pedal tones

Here is another Friday 10-second tip for you to enjoy…

It’s all about taking a technique commonly used by church organists.


Organists often use a technique where they step on a pedal to produce a long-sustained note.

These notes are great for accompanying a melody and “filling” out the music.

These notes are commonly referred to as:

“Pedal tones”


We can use these on the guitar too.

A simple way is to pluck an open string and let it ring out.

…While that’s happening, play a melody on another string.

The melody could be from a famous tune, or it could be one you improvise.

The important thing is that you play melody notes in the correct key.

I.e. pluck an open low E string and play notes from an E Major, E minor, or E pentatonic scale.


I tend to teach this way of playing a fair bit in my fingerstyle arrangements.

That’s because it sounds rich and full and you get the best of both worlds – the bass and the melody.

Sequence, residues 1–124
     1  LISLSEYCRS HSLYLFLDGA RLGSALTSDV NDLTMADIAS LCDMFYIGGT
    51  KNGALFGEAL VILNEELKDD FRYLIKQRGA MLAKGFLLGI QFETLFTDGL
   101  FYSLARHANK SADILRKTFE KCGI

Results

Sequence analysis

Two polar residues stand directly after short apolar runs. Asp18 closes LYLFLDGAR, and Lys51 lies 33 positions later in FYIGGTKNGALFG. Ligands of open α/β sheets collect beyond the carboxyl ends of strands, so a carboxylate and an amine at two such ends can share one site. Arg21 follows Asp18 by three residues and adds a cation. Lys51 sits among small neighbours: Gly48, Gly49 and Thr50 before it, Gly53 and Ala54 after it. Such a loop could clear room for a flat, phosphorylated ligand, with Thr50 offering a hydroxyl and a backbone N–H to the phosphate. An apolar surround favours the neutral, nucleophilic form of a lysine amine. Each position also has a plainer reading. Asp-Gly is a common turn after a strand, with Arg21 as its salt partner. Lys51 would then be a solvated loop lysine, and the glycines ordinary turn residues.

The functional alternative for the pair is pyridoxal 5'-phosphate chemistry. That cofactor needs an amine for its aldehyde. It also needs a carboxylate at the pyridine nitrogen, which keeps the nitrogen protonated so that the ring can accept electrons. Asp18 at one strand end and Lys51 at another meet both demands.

To the naked ear, it can sound like two guitars being played at once.

So, give it a go.

Combine a sustained open string with a melody on another string.

It’s good fun.


If you want a lesson on this sort of thing where I teach a fun blues bassline and how to add a pedal tone to it, you can check out the bonus lesson for Day #4 in this course below:

Find out more about the 7-Day Transformation Course


Enjoy your Friday!

Dan Thorpe

Guitar Domination


P.S. This post was originally taken from Dan Thorpe’s private email list. To get blog posts like this sent to you which are full of great tips to make fingerpicking, strumming, and learning guitar more enjoyable (especially if you are over 40) join Dan’s list. It’s 100% free, HERE.

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